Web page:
Things are working out well for Kalewa Correa and his partner, Kaleo Veary-Correa. I’ve known them both for years: Kalewa since the mid-1990s, soon after he returned to Honolulu from university in Colorado; Kaleo from a little later, when she returned to O‘ahu to attend UH after a family move to the Mainland. Back when I first met Kalewa, he talked about moving to the Big Island, building a house, living completely off the grid. I loved the idea but wrote it off as the Green Acres daydream of a kid born and raised on O‘ahu’s windward side. Then I ran into him in Honolulu a few months back. He told me I ought to stop by his farm the next time I’m in Hilo—so I did.
“I came up here once with my dad and just fell in love with the Big Island, felt I had a connection to it,” he says. “Later on, Kaleo and I came over from O‘ahu and camped out in the only small clearing there was here. It was a totally clear night. We saw a comet shooting and all the stars, and we just said, ‘This is where we’re supposed to be.’”
Where Kalewa and Kaleo are is Kaiwiki, across the Wailuku River and five miles uphill from Hilo town. Up above where the cane fields used to be, in what was once known as Portuguese Camp, which borders the old Filipino Camp—that is, in the segregated housing clusters that were once home to the various communities of plantation workers.
Kalewa’s Hawaiian family tree has roots in the Big Island; so too does his Portuguese side, his Azorean ancestors having become naturalized Hawaiian citizens in the 1860s. It was his Portuguese great-great-grandfather who first leased this ten-acre spread from the kingdom, and then later bought it. It has remained in the family’s possession ever since, though Kalewa’s grandparents were forced to abandon the Big Island for O‘ahu during the Great Depression.
When the couple made their camping trip in 2005, the rolling property was drowning in waiawi—cherry guava—an invasive, fast-growing hardwood that creates nearly impenetrable thickets. Both were then grad students on O‘ahu; over the course of a single spring break, they cleared a space and built a one-room cabin. It took an additional two months of chainsawing and bulldozing to clear the bulk of their land, and now, four years later, they’re about to harvest roughly nine thousand organic, white-flesh pineapples to sell at the farmers market and various health food stores in town. Down on the back of the property, they’re experimenting with fuel crops and hope to eventually produce enough bio-diesel to run all of their farming equipment. There will also be a taro patch and heirloom tomatoes and anything else they feel like growing. A few hundred yards from the main house, there’s a canvas yurt where Cameron Walter, a band-mate of Kalewa’s from his Colorado days, lives. By day, Cam serves as farmhand; by night, they make music in the yurt’s recording studio. They are completely off the electric grid.
How three people could possibly achieve all of this is hard to fathom … until you consider the many other hands involved. “It’s just super-aloha up here,” says Kalewa. “I grew up knowing all my neighbors, but it was different: Because of the pace on O‘ahu, everybody did their own thing—over here there’s a little more time for everybody to offer each other help.”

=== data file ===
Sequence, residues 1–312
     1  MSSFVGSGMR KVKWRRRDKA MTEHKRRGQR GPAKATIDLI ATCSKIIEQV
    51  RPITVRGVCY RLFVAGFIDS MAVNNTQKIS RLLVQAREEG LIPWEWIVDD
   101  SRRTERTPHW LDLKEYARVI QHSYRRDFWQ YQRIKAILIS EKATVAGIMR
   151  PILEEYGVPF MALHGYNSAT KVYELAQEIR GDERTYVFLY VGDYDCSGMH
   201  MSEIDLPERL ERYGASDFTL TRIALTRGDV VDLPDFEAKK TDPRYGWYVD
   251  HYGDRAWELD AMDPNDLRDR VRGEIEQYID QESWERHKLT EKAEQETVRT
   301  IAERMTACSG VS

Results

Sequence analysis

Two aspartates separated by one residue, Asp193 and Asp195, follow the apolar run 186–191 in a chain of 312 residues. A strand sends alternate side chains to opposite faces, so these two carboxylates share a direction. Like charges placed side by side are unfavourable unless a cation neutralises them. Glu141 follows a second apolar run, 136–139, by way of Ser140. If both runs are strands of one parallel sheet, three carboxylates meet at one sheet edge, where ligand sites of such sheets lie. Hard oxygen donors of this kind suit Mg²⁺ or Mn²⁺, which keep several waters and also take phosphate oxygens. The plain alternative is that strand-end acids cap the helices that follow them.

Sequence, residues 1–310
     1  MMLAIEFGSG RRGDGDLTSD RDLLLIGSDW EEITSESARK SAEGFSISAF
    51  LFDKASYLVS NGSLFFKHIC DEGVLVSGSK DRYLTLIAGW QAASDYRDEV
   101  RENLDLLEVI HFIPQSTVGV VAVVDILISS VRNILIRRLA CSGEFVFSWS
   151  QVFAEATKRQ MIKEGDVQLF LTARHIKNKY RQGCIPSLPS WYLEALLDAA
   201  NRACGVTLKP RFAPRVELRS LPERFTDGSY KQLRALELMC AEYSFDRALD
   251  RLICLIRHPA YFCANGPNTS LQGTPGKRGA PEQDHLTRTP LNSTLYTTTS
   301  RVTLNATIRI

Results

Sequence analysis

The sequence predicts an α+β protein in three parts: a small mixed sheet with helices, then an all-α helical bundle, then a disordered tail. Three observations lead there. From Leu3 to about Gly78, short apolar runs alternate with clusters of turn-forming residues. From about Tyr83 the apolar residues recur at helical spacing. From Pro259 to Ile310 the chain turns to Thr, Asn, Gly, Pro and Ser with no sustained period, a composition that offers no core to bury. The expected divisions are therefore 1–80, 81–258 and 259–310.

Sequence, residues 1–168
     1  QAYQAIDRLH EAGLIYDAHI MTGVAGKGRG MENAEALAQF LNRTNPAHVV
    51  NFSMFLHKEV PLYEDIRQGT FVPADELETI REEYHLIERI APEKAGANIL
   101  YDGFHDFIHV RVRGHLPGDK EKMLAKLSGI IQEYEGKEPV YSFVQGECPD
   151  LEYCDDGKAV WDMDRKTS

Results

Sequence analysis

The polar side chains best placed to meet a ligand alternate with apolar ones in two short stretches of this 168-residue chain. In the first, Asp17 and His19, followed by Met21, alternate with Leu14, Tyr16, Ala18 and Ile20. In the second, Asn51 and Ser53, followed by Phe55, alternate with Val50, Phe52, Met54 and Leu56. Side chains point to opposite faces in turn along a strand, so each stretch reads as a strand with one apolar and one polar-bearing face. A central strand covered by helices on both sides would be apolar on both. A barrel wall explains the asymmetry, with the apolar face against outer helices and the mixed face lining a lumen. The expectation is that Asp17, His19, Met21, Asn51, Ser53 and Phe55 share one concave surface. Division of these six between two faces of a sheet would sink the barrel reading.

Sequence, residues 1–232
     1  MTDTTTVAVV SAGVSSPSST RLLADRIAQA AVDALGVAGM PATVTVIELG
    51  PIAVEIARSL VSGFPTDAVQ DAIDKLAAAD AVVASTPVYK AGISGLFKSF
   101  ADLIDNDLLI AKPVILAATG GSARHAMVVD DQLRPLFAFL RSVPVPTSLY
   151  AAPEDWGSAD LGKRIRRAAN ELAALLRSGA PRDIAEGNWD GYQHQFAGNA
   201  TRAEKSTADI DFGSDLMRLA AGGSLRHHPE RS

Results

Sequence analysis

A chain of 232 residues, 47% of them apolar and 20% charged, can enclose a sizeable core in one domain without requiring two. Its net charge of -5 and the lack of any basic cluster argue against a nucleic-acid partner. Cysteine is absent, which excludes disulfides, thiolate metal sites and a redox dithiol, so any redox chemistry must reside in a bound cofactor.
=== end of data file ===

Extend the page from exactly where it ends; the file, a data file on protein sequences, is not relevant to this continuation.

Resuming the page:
That help has come in many forms. Puggy, who lives across the road, helped raise their roof and also removed and milled for them an ancient koa tree that had died on their property. Souza, the couple’s 84-year-old neighbor and a lifelong Kaiwiki farmer, taught them everything they know about pineapple farming and supplied them with their starter plants. In exchange, they plan to help him market his crops.
“Our lives depend on our neighbors,” says Kaleo. “The other day, one got his tractor stuck all the way to the floorboards. So Kalewa went over with our tractor and pulled him out—it’s like nothing, like you would do for your family: You don’t expect anything in return.”
But this is part of Hilo equation: When everybody gives what they can, everybody gets what they need.
That gray-green, sunrise ocean I was telling you about earlier: This is the image I always retreat to when I need to remember where I’m from—even though, these days, it’s easier to say that O‘ahu is home: where I live, where I work, where I fell in love, where my kids were born. If for no other reason, I hold onto Hilo in the hope that my children will absorb its ideals: that they’ll learn self-reliance but also communal awareness; that they’ll consider “family” in a much broader sense. It’s no accident that our two children refer to all of the adults in their lives as “auntie” and “uncle”; all their friends as “cousin”—we’re brainwashing them.
But this time, I get out of the car and head for the beach. I don’t have a board with me, but there’s that resin smell. Halfway down the paved stairs, there’s a platform where the steps veer left and then continue down. Painted there on the concrete is a bit of faded graffiti that reads, “Go home.” I look at that for a while, then continue down the stairs as the rain begins to fall.